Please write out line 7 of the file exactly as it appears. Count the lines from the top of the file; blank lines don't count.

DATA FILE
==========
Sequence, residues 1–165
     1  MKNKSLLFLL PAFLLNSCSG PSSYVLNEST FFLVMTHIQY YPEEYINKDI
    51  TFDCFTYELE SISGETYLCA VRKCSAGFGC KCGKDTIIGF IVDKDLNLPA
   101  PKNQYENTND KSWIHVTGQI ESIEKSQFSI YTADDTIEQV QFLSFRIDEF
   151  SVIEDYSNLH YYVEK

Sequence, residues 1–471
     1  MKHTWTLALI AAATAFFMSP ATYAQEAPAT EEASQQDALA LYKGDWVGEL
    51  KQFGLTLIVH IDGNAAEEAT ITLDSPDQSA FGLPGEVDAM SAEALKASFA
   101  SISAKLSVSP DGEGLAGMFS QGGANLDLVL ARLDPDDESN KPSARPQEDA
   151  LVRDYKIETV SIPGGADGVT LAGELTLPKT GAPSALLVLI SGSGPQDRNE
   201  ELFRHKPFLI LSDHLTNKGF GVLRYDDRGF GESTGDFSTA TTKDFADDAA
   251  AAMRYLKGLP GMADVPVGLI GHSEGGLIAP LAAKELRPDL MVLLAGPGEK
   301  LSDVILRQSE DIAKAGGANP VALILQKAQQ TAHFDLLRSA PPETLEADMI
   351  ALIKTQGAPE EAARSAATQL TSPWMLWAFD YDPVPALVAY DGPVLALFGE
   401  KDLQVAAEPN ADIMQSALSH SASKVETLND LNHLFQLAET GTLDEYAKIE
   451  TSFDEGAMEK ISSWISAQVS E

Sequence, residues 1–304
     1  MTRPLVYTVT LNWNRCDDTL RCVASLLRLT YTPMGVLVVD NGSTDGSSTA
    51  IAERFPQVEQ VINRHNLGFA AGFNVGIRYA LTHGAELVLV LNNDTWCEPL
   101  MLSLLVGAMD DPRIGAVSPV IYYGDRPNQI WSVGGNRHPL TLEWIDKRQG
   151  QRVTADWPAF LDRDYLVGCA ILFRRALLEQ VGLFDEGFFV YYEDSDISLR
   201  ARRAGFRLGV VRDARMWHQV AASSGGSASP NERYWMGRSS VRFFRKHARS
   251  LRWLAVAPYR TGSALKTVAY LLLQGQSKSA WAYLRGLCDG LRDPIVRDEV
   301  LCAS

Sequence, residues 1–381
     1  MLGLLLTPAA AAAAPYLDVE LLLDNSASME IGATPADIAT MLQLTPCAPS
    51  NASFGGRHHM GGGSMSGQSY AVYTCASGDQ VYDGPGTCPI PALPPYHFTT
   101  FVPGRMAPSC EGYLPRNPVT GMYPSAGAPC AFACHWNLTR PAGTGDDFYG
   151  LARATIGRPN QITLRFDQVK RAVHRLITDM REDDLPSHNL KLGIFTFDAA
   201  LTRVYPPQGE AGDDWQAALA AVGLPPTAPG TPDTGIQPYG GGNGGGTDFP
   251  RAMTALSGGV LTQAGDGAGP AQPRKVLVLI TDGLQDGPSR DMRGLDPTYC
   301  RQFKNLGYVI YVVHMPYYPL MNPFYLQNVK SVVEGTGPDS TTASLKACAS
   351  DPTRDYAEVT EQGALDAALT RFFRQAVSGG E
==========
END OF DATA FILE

     1  MKHTWTLALI AAATAFFMSP ATYAQEAPAT EEASQQDALA LYKGDWVGEL